Your Brand Name in Porn: .XXX and the New Internet Frontier Hides A Naked Truth (News)

Posted on January 7, 2012, in News, Pornography Laws

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PolicyMic
Deanna Gillen
December 2011

Jenna Jameson meet the Vatican?

Earlier this month, more than 100,000 websites went live using the .xxx domain name, a new internet designigation for legitimate porn sites worldwide. What was once only reserved for seedy magazines, gentleman’s clubs on the highway, and the naughty section in the rental store has made it big, and can now easily be found at an address bar near you. Now, you can type in virtually anything in front of a .xxx name and you’ll be taken to a porn site. Think “naked.xxx,” “porn.xxx” or, as Reuters had originally reported, even “Vatican.xxx.”

According to the International Corportation for Assigned Names and Numbers (ICANN), the .xxx domain name was approved in March of last year in an effort to offer a “responsible alternative” for sites that provide adult content, since it clearly identifies the kind of site that users can expect to see when they click on a link. While the idea to keep content-sensitive material, like pornography, in its own hub is a good idea in theory, it makes access to this material even easier for the average user (even children). That, coupled with the fact that virtually anything can have .xxx domain name, could potentially be harmful to an individual or organization as broad as the Catholic Church.

The debate over this new domain has been vehement, but there has been heavy criticism on all sides (even within the porn industry). Anti-porn groups argue that this new domain will increase the availability of pornographic sites, while groups like Manwin and Digital Playground, two of the largest pornographic companies, are calling foul on the domain, saying the high price for the domains — 17 times the cost of an average domain — are anti-competitive. While there are some that applaud the new domain, the main consensus is that the .xxx frontier will do more harm than good.

As a spokesman for Manwin explained, “‘The fees for .xxx are unacceptably high and creating the domain name forces ‘defensive registrations,’ where copyright holders have to register an .xxx site ‘to keep cyber-squatters from exploiting those names.’”

An example of cyber-squatting was the recent Newtgingrich.com prank, in which the URL redirected users to one of a number of other pages highlighting the GOP presidential candidate’s follies, including an article citing “Gingrich ‘Inadvertently’ Names Porn Company ‘Entrepreneur of the Year’ For Stimulating the Economy.” Likewise, early in the 1990s, school children were shocked when they searched “whitehouse.com,” and were greeted with none other than explicit content. And I don’t mean Bill Clinton.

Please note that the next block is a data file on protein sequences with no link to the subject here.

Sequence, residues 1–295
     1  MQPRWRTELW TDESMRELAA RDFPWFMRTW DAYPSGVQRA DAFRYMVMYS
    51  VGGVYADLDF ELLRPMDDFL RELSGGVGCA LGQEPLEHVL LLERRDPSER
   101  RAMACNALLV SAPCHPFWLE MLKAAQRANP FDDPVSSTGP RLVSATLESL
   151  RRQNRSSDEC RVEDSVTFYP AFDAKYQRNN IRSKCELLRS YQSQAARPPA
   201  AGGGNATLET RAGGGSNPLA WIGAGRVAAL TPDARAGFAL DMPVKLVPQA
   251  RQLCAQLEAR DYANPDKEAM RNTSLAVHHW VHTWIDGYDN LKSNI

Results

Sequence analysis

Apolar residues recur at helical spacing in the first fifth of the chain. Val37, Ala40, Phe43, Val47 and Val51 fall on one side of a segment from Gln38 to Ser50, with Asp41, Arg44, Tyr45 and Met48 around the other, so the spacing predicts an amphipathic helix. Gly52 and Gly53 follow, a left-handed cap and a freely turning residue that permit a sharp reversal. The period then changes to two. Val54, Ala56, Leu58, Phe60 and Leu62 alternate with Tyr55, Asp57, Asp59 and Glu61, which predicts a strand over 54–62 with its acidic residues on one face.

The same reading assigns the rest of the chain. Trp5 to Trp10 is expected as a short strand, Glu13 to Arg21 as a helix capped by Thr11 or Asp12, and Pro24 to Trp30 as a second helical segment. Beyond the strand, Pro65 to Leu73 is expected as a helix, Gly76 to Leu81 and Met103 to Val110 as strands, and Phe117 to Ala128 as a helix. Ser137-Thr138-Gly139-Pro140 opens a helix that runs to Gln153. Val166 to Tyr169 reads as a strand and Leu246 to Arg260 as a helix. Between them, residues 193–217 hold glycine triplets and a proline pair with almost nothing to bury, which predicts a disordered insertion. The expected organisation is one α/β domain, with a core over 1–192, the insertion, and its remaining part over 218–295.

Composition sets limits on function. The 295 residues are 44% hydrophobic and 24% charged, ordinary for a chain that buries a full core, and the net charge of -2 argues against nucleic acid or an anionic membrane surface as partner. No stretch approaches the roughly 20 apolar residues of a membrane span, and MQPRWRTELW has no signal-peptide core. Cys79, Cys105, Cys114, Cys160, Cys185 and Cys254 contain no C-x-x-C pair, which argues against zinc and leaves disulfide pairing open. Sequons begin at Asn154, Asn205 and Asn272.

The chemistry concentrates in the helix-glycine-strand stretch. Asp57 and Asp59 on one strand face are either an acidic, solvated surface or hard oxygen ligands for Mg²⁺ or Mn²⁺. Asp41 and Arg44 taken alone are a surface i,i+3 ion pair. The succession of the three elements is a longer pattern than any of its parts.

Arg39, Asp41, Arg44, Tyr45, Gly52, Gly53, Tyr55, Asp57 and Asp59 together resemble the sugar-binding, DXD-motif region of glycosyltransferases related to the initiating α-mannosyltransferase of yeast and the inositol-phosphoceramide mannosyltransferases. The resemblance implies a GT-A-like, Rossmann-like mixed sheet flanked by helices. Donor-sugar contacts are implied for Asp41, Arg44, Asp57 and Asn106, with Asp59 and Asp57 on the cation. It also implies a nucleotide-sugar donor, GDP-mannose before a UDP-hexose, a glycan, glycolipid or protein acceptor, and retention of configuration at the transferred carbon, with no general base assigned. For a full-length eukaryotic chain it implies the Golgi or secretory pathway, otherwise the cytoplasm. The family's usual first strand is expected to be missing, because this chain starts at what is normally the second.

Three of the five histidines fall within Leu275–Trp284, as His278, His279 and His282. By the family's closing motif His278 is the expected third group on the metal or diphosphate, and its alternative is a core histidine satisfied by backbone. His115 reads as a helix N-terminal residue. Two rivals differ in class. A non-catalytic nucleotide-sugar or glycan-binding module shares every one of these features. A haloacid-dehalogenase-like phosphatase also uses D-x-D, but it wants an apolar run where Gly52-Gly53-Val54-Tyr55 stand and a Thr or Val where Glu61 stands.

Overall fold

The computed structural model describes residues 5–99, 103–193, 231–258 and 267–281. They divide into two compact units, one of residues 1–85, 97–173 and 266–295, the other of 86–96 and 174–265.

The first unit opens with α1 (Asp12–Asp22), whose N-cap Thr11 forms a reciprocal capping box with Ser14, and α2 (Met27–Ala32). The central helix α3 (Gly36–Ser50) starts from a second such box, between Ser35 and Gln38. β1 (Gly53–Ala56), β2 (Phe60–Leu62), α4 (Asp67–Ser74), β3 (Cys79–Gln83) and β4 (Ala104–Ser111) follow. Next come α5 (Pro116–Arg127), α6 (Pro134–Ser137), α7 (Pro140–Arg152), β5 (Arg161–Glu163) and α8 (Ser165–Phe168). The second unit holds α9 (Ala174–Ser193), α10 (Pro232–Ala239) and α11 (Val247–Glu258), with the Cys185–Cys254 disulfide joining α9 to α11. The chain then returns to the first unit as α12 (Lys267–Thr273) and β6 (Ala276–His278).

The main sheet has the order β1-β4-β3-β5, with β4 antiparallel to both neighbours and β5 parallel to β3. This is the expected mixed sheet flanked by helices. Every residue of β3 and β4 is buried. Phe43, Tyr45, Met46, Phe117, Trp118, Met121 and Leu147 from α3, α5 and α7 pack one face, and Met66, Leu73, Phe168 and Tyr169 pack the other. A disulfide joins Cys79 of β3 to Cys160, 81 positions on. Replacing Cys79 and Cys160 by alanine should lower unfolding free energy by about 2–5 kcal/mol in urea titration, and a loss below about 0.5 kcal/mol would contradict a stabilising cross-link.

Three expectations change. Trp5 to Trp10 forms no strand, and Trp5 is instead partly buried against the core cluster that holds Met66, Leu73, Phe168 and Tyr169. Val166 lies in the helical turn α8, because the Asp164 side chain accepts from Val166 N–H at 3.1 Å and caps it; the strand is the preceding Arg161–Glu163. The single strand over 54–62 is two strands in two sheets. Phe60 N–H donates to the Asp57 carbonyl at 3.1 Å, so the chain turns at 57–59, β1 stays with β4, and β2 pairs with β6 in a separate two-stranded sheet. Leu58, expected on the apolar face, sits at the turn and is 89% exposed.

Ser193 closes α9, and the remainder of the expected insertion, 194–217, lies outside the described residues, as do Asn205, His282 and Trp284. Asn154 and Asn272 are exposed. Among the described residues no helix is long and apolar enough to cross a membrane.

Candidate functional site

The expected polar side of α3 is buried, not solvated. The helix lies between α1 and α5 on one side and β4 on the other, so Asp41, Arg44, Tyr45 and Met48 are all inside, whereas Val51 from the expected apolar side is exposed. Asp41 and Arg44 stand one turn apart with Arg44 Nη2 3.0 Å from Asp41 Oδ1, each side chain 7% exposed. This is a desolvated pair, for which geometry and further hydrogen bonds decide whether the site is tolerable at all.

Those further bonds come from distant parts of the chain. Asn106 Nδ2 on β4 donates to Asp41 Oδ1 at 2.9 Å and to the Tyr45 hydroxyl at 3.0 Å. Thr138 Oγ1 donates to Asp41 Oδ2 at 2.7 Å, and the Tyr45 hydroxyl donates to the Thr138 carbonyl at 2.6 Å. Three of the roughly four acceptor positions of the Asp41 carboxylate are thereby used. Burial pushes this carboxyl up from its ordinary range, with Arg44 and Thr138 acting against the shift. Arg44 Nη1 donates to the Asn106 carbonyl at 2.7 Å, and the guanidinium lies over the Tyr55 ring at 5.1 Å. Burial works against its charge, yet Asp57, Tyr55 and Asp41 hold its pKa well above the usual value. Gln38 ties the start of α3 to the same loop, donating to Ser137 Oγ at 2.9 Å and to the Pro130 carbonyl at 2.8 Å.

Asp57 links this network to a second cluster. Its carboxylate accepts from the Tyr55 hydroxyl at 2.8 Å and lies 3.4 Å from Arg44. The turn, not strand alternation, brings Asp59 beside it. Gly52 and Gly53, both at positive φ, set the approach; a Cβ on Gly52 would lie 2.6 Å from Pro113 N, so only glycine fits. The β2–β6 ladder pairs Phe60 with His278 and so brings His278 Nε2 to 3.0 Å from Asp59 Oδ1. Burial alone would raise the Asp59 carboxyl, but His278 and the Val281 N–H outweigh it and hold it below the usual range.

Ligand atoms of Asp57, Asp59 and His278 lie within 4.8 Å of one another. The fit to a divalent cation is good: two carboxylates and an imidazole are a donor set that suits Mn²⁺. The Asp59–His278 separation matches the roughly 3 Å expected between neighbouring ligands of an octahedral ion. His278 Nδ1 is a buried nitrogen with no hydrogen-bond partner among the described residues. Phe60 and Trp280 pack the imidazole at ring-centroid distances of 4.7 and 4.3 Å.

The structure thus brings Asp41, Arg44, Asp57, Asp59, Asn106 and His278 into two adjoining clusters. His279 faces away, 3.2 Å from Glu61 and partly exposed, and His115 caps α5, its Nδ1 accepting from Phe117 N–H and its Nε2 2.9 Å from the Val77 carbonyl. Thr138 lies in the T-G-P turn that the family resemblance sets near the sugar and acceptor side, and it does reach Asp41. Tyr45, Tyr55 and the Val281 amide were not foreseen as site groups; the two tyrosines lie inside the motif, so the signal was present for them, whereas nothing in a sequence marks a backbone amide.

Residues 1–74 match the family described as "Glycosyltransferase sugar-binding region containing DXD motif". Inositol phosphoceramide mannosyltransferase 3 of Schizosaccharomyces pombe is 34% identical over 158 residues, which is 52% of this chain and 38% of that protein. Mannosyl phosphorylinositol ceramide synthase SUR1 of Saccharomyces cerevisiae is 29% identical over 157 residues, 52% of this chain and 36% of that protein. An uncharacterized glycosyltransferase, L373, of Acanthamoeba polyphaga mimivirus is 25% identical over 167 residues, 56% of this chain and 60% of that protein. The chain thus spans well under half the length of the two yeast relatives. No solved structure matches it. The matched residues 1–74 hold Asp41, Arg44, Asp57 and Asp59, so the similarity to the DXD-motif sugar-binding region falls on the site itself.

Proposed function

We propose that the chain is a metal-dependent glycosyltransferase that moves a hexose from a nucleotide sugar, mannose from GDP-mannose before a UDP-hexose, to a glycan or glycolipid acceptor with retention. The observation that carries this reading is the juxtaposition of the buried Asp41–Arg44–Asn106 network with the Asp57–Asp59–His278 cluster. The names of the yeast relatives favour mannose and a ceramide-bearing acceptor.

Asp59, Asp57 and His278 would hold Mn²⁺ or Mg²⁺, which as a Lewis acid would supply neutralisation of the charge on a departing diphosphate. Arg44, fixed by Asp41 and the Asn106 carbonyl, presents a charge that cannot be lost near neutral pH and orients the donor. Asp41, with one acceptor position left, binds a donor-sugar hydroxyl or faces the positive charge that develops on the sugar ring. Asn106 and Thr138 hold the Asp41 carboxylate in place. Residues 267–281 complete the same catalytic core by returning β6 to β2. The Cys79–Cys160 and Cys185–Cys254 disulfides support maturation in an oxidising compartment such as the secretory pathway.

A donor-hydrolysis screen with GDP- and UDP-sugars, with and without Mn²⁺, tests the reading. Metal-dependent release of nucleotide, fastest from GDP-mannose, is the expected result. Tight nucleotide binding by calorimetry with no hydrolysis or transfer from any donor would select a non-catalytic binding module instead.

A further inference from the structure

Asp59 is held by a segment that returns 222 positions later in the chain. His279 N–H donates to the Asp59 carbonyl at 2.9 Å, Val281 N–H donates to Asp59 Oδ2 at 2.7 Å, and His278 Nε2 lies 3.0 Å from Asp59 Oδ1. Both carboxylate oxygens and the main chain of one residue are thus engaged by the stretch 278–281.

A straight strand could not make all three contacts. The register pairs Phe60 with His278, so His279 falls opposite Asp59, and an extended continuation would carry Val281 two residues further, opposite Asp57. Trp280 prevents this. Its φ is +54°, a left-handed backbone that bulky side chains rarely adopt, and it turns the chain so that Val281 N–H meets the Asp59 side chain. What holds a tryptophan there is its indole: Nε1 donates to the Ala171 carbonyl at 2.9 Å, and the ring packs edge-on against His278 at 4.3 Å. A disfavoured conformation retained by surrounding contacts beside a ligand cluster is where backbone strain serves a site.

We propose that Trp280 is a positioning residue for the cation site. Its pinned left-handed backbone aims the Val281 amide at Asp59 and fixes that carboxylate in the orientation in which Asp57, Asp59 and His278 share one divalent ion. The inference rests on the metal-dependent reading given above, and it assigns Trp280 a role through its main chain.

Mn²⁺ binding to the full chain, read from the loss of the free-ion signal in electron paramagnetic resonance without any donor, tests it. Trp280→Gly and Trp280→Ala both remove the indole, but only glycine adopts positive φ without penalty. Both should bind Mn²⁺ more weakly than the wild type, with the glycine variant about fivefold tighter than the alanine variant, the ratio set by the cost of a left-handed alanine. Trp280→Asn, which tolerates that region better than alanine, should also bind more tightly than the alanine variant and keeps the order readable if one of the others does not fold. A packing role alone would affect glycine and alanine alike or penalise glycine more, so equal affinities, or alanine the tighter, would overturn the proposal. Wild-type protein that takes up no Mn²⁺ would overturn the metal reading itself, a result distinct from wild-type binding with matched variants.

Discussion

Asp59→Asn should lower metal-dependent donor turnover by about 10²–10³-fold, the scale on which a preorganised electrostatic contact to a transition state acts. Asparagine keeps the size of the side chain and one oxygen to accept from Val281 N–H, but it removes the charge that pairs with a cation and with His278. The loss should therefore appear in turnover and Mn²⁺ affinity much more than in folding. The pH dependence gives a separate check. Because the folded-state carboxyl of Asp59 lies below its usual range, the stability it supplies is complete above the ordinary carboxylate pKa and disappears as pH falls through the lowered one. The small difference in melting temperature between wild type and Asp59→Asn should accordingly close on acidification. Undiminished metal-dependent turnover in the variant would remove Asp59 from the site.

The domain is even affecting state institutions like major universities. In an effort to squash the potential gains one pornographer could benefit from by scooping up a domain like PennStateGirls.xxx, Colorado.xxx, or the like, schools nationwide are in a frenzy to buy the domain at a premium before someone else gets there first. That is why schools like Kansas University are buying these addresses at $200 a pop, to make sure that these domains never come to fruition.

Which then brings us to the issue of the Vatican.

Earlier this week, news broke that the Vatican had lost its bid for the domain of Vatican.xxx, and that the domain had been reserved for pornographic content.

As Rev. Federico Lombardi, a spokesman for the Holy See, reported, “This domain is not available because it has been acquired by someone else.”

But as fate would have it, that was not actually the case. The ICM registry, the bureau responsible for the .xxx launch, had put the Vatican on the socially sensitive list, and had reserved the domain, but for no one in particular. ICANN had required ICM to work with a governmental advisory committee, to oversee a list of names on the reserve list – ranging from political leaders to singers.

While the ICM Registry developed the domain to provide a compromise between those who wish to access pornographic material and those who wish to block it, the list of possible domain names is infinite, and makes the censorship of harmful sites that much more difficult as the domain grows.

While the idea of an easily blockable domain is good, in theory, it does not hold up in the hyper-sensitive internet stream of this day and age. Let’s preserve the internet, and not corrupt it further with the dot xxx.

Find article here: http://www.policymic.com/articles/3054/your-brand-name-in-porn-xxx-and-the-new-internet-frontier-hides-a-naked-truth

 

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